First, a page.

Across the Atlantic meanwhile, Activating Pangea continued into its second year with a group exhibition of five Irish artists in Santa Monica Arts Studios. In tune with their programme in their own gallery, the aim of ‘Activating Pangea: Destroy These Walls’ was to create new dialogues that challenge conventional views on politics and culture, push for examination on preconceived expectations of what contemporary art is, and to examine what relevance it has for the society we live in.
After ten years of existence Scanlan & Nevin have developed the MART into a large scale, multi-faceted arts organisation. Their goal of self-sustainability, while not yet totally achieved, is getting closer. Countless artists have benefited from their work. Over the course of recent years, hundreds of artists have been provided with affordable workspace, at a time when many other studios spaces have shut down. Many more artists have received a platform in the MART gallery, or on an even bigger stage on one of MART’s international curation projects. With a decade of experience under their belt, the MART team has every intention of continuing their growth, and will continue to work on developing the creative community around them.
Echo Chamber – EUCIDA 2017 Exhibition
Lūznava Manor Rēzeknes | Latvia: 9th June – 31st August 2017
RUA RED | Ireland: 16th June – 5th August 2017
Gantner Multimedia Space | France: 24th June – 22nd July 2017
European Connections in Digital Arts / EUCIDA is a 3 year project funded by Creative Europe led by RUA RED Ireland in partnership Gantner Multimedia Space, France and Lūznava Manor Rēzeknes, Latvia. The Project aspires to work collaboratively while demonstrating innovation and high standards contributing to making the Digital Arts sector highly visible internationally.
“an echo chamber is a metaphorical description of a situation in which information, ideas, or beliefs are amplified or reinforced by transmission and repetition inside an “enclosed” system, where different or competing views are censored, disallowed, or otherwise underrepresented.”[link]
As a curatorial platform for creation of new work, Echo Chamber has encouraged the dialogue of art and technology as a means of sharing experience and creative practice. Exhibiting simultaneously across Ireland, Latvia and France it showcases six contemporary visual artists, two from each of the host countries, whose practice is rooted in various aspects of digital technology.
Its primary aim to create an accessible conversation and debate between the digital arts, technology, politics, culture and society in an accessible way to a European wide public. The three parallel exhibitions, which mirror each other, will analyse how culture, politics and socio-economical issues are bounced around, applauded, and never truly open within one’s own Echo Chamber; i.e colleagues, friends, families etc.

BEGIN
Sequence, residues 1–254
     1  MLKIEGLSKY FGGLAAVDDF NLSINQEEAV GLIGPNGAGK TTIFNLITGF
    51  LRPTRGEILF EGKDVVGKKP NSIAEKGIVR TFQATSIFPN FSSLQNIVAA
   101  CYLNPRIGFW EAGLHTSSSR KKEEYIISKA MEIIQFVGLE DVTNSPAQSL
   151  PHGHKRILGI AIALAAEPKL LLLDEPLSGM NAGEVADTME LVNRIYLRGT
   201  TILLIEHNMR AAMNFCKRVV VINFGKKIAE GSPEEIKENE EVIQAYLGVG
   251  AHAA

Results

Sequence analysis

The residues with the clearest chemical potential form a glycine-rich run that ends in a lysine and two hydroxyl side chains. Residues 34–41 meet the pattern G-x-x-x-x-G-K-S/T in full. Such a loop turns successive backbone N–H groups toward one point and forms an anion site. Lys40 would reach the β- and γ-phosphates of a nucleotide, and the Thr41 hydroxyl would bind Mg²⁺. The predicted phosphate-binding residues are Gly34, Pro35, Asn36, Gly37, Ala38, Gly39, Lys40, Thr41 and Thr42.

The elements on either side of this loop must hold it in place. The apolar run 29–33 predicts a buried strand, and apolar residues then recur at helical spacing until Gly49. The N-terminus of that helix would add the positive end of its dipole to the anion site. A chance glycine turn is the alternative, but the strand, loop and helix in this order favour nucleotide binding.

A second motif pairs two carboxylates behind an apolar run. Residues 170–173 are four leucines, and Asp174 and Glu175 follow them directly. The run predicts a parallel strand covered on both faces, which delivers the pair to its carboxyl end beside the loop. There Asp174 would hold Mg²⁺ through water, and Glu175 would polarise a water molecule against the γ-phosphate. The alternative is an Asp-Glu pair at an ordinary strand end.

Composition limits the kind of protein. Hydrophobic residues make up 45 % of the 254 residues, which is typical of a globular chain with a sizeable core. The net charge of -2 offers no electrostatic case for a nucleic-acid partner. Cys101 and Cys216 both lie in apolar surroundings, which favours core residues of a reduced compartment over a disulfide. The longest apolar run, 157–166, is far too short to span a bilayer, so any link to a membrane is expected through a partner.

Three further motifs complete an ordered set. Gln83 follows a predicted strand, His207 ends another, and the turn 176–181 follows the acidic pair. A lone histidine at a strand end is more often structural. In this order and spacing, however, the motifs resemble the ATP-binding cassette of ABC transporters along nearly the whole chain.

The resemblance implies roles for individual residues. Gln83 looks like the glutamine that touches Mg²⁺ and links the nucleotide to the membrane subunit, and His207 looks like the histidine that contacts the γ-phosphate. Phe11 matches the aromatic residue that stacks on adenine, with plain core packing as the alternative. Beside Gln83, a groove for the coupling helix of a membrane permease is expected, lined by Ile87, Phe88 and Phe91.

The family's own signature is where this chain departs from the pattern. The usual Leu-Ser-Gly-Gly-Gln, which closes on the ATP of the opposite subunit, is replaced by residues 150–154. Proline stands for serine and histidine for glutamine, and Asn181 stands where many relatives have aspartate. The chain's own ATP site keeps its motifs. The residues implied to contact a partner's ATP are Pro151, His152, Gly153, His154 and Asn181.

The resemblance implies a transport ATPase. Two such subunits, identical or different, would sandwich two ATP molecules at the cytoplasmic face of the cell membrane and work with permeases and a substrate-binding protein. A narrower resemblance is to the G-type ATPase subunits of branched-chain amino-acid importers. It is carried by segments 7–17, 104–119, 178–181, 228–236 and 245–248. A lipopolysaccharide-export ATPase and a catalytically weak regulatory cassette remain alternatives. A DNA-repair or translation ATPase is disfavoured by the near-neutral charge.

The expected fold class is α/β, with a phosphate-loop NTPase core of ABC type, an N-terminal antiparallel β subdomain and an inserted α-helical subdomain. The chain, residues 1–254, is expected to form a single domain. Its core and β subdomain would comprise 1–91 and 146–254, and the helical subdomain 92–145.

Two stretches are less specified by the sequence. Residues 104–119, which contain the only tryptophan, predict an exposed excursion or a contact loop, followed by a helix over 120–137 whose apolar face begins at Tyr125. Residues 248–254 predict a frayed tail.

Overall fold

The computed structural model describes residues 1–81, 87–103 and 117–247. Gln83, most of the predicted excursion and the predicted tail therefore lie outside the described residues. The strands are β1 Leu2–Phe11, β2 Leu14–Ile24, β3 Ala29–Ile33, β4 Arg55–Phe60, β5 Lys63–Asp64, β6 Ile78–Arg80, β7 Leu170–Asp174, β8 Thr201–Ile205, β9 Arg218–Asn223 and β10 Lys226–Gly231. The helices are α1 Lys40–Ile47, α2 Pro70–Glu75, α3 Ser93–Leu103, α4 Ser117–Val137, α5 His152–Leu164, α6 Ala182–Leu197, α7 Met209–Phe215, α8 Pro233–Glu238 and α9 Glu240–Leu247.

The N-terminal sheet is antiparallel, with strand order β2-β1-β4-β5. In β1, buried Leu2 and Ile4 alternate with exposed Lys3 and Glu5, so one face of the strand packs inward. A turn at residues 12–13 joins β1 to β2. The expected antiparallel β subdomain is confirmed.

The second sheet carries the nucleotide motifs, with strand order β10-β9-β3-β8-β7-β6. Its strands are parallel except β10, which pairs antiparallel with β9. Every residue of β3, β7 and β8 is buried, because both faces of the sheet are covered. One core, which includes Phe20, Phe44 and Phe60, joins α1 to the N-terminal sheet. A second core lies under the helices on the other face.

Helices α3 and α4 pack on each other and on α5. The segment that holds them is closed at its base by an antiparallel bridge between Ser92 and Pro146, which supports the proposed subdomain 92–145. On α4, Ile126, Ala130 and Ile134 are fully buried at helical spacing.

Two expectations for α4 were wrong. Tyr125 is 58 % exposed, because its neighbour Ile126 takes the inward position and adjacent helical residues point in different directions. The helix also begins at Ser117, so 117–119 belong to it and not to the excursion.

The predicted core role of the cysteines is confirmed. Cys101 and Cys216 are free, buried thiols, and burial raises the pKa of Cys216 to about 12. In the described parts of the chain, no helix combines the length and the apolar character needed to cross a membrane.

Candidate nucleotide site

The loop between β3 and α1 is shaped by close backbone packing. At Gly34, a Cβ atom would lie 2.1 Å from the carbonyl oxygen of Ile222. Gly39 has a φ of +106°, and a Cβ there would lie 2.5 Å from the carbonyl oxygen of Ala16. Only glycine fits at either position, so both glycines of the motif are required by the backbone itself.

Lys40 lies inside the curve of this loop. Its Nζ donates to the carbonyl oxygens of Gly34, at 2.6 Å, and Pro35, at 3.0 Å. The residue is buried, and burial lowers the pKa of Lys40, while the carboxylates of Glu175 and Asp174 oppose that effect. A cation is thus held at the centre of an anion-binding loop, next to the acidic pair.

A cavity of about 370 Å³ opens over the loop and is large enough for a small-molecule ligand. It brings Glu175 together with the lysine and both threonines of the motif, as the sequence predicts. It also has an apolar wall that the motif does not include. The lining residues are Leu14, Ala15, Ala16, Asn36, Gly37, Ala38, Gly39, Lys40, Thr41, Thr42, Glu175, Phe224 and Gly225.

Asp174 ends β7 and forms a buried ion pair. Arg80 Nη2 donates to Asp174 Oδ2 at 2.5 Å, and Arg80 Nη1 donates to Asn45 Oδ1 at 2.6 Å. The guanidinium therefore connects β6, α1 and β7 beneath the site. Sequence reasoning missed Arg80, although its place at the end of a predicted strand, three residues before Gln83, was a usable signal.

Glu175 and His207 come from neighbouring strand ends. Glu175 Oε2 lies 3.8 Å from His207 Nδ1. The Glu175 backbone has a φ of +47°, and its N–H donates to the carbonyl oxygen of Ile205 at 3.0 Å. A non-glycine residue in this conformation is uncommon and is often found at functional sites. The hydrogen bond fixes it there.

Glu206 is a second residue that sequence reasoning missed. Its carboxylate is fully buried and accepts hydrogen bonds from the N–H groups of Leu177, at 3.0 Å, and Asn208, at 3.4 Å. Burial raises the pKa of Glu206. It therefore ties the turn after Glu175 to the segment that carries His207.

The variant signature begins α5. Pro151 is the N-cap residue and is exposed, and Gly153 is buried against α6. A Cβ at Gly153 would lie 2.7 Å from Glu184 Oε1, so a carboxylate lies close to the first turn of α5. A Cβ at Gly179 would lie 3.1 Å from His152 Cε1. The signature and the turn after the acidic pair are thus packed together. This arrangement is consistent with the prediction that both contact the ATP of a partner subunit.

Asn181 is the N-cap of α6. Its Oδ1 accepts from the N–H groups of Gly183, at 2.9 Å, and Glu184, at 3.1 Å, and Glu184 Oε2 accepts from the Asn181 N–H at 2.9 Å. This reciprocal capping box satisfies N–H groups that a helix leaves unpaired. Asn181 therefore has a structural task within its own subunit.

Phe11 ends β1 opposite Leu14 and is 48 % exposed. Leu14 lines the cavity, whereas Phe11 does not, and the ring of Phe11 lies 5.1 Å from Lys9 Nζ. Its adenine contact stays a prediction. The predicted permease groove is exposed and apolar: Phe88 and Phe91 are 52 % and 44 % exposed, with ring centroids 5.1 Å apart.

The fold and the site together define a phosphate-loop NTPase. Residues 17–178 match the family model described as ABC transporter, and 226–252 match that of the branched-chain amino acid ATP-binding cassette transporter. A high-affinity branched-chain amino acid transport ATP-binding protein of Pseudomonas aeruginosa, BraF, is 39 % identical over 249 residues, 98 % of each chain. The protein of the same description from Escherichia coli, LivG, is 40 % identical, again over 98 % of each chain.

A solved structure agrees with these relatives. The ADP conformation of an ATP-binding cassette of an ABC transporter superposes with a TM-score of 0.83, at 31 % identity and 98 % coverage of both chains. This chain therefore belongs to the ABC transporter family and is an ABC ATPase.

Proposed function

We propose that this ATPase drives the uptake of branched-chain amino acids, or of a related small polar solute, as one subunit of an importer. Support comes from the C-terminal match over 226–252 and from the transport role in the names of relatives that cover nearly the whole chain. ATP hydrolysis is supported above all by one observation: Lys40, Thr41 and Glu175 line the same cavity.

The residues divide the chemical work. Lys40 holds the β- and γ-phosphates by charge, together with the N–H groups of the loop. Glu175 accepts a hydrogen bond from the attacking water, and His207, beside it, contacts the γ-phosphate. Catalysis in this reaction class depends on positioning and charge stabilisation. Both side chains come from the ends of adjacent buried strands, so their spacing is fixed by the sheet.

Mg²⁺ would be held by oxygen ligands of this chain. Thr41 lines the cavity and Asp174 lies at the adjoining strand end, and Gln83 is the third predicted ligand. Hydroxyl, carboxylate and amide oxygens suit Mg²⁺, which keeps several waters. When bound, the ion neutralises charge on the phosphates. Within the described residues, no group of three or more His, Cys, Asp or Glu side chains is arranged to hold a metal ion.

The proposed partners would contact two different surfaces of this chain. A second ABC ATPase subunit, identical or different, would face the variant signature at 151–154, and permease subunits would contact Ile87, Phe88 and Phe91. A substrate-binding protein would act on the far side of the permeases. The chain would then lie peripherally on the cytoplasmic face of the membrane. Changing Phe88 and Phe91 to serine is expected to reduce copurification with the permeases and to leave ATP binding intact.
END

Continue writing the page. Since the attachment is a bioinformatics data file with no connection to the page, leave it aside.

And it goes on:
The exhibitions provide a platform for the artists to push conversation beyond the normal realms of an art audience or local groups, to a further international and trans European audience. By encouraging participating artists to explore and reinvent material, technologies and methodologies, Matthew Nevin, the curator, has worked alongside the artists to re/produce work that can provoke the limitations of the ‘Echo Chamber of the normal gallery environment, into producing powerful, informative and experimental new work to a wider audience.
These artists, often working as the mirror for society, will create new dialogues that challenge conventional views on politics and culture; pushing for examination of our preconceived expectations of what is contemporary art and its relevance to the society we live in. The curator has encouraged the artists to be reactionary and politically engaged in their approach to their practice and tease out new radical ways of viewing and perceiving their art works through technology.
Helen Mac Mahon, who creates artwork through experimentation and investigation into the phenomena of light, movement, perception and space, has produced ‘Mirror Affect’ an interactive piece playing with the mirrored image using a combination of everyday objects and live digital technology.
Jeanne Briand forges links with new technology and craftsmanship to create beautiful sculptural pieces that reference fantasy and trans-aesthetics. Briand’s ‘Gamete Glass’ propose a new form of life, and the origin of the sounds they emit serves to raise questions in the viewer’s mind about the artifice or real existence of the animated forms.
Fabien Leaustic creates sculptural work which while physical has an ephemeral aesthetic. Leaustic’s work ‘Hello World’ activated by the presence of the visitor disturbs our interpretation of our world, evoking an emotional response juggling a naive optimism and a dark poetic duality that defines us.
Rasa Smite is an artist, network researcher and cultural innovator, working with science and emerging media technologies. Smite’s artwork ‘Talk to Me’ is a human-plant communication interface, through which people were asked to send encouraging messages via text & social media to the growing plants, “equipped” with web-cam, wi-fi and loudspeakers.
Adam Gibney’s artwork is generally realised through sculpture, installation, sound and video. ‘Conundrum 8: I am somewhere between we and they’ questions the political and personal use of pronouns. Playing a key role in the construction of the ‘self’ and the ‘other’, pronouns help toward the creation and division of societies.
Paula Vitola works through media art & archeology, researching relationships between human and technology. Her work encompasses experimenting with technology and nature, programming and gadget-hacking.